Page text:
Palaszczuk Government funds more council projects to cope with climate change
Published Wednesday, 08 February, 2017 at 10:36 AM
Minister for Environment and Heritage Protection and Minister for National Parks and the Great Barrier Reef
The Honourable Steven Miles
The Palaszczuk Government’s $12 million QCoast2100fund will assist another five local governments to help coastal communities prepare for rising threats such as erosion and storm tide flooding caused by climate change.
Environment Minister Dr Steven Miles said Torres Shire, Cassowary Coast, Mackay, Cairns and Redland City councils were all successful in their applications for funding, which is available to all coastal councils.
These councils join six others that have been awarded funding – bringing the total so far to 11.
“The Councils will now either commence or improve their Coastal Hazard Adaptation Strategy for their region based on an assessment of local conditions and the challenges which they need to meet,” Dr Miles said.
“I encourage all other eligible councils to get on board and follow the lead in taking action on climate change.”
Dr Miles said coastal communities are already at risk from sea erosion and storm tide inundation caused by cyclones and other severe storm systems and these will become a greater threat with rising sea levels from climate change.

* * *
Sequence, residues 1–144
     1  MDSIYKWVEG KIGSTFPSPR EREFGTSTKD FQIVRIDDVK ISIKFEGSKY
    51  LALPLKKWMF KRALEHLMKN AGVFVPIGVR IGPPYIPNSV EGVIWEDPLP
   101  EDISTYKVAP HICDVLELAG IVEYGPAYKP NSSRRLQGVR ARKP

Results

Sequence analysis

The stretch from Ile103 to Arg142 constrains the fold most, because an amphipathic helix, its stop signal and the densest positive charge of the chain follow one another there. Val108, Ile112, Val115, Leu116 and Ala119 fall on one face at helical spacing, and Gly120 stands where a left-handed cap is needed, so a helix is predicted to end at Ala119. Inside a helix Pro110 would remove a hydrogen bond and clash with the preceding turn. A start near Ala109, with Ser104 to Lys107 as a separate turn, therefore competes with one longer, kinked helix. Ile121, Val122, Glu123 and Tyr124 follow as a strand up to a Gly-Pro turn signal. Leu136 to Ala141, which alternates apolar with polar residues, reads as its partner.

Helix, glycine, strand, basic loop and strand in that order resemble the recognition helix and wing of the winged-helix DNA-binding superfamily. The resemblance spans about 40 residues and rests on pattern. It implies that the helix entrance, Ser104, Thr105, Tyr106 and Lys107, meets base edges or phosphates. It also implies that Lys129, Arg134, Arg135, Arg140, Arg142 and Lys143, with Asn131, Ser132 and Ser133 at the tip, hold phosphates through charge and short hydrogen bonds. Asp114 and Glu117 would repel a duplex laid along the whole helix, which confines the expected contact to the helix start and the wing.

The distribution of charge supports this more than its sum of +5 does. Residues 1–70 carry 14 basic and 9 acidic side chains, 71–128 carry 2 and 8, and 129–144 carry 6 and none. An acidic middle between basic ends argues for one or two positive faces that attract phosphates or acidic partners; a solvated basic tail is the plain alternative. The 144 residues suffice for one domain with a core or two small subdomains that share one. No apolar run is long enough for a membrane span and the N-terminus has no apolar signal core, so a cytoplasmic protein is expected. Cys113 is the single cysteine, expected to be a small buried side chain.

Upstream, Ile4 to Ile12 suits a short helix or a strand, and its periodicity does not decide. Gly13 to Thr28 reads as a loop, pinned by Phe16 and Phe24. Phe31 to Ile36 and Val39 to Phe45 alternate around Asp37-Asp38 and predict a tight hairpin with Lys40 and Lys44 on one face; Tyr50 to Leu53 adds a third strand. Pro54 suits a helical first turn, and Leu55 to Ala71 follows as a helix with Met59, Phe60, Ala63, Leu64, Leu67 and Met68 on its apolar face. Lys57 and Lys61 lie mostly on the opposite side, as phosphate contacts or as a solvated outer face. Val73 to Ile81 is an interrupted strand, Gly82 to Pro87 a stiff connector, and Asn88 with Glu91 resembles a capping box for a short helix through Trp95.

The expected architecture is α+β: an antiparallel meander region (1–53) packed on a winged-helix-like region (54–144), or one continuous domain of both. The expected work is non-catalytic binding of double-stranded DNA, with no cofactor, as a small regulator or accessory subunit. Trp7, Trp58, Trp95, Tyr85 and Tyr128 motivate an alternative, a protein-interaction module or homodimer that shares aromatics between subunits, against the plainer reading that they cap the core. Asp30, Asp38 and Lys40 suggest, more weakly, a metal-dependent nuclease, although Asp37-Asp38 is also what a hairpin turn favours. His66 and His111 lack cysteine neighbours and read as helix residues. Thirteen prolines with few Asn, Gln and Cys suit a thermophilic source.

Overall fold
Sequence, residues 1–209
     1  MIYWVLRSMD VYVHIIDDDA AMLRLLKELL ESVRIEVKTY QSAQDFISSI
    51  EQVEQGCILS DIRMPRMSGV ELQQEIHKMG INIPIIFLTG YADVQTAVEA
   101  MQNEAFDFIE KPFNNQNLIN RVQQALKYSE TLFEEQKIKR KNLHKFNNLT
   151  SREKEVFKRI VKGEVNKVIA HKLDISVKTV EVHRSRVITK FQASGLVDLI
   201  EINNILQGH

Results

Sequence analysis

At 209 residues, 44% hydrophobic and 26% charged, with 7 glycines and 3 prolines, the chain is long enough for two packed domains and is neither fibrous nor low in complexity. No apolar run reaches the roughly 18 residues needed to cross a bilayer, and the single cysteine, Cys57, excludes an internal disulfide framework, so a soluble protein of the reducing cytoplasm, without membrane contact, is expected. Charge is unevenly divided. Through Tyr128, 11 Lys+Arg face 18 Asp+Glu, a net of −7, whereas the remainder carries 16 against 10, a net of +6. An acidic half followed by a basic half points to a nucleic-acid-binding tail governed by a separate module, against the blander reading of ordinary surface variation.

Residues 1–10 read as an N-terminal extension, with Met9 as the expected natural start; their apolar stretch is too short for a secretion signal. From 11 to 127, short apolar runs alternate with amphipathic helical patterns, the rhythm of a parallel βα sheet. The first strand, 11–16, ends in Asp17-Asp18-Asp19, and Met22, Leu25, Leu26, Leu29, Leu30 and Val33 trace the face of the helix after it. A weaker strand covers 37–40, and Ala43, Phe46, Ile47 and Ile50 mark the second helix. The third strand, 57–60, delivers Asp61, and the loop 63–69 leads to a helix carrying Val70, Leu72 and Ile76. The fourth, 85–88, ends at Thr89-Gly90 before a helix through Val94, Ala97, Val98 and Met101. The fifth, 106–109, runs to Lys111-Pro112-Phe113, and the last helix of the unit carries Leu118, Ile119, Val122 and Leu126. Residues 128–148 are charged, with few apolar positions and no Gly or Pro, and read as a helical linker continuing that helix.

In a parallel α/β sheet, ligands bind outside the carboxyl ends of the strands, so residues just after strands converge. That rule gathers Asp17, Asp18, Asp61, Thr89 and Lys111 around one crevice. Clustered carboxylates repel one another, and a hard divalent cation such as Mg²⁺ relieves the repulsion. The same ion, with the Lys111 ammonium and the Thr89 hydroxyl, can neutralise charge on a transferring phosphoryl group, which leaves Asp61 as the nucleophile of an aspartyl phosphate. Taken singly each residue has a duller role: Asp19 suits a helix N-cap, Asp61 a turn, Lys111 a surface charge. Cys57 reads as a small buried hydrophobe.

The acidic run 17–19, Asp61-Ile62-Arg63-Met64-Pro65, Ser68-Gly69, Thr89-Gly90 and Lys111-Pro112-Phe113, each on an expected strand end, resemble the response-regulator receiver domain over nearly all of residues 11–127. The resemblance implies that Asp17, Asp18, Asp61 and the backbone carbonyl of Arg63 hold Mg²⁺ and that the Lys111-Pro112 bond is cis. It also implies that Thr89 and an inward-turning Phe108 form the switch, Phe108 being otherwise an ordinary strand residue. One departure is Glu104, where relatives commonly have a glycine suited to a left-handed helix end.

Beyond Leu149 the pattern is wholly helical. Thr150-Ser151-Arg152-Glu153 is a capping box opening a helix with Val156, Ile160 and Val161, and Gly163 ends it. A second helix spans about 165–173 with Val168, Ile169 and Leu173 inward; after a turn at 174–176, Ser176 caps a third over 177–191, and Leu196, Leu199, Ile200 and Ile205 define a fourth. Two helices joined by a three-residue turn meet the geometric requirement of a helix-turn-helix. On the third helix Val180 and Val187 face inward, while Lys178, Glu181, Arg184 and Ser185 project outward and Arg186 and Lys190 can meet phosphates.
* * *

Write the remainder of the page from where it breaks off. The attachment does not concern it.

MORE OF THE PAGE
Member for Mackay Julieanne Gilbert said the Mackay Regional Council project will be supported with a Government grant of $219,250 to fund further development of their Coastal Hazard Adaptation Strategy (CHAS).
“The focus of the project will be storm tide inundation risk to the community and this will be integrated with an assessment of inland flooding risk,” Ms Gilbert said.
“The Palaszczuk Government is committed to ensuring communities are protected from coastal hazards”.
Redland City Council’s project will receive $215,215 in QCoast 2100 funding to begin their CHAS which looks at emerging coastal hazard risks and builds on work already undertaken by council on current day risks.
Cassowary Coast Regional Council’s project will receive $170,000 to improve the resilience of the Cassowary Coast region to coastal hazards in a changing climate.
The Cairns Regional Council project will receive $91,204 and the Torres Shire Council $68,280 to begin the first stages of their CHAS.
The Local Government Association of Queensland (LGAQ) is administering the QCoast2100program and helping eligible councils with proposals and preparation of their potential projects.
LGAQ President Mark Jamieson said the QCoast2100 program is designed to be accessible to coastal local governments irrespective of their current level of planning, capability and resourcing.
“More than half of Queensland’s 77 councils will be exposed to coastal hazards in the future,” LGAQ President Mayor Mark Jamieson said.
“It’s vital that local governments work together to assess risks and identify practical solutions that will help coastal communities prepare for serious issues such as storm tide flooding, coastal erosion and sea level rise.”
Councils so far awarded QCoast2100 funding are: Torres Shire; Cassowary Coast; Mackay; Cairns; Redland City; Whitsunday; Moreton Bay; Noosa Shire; Townsville; Douglas Shire and Livingstone Shire.
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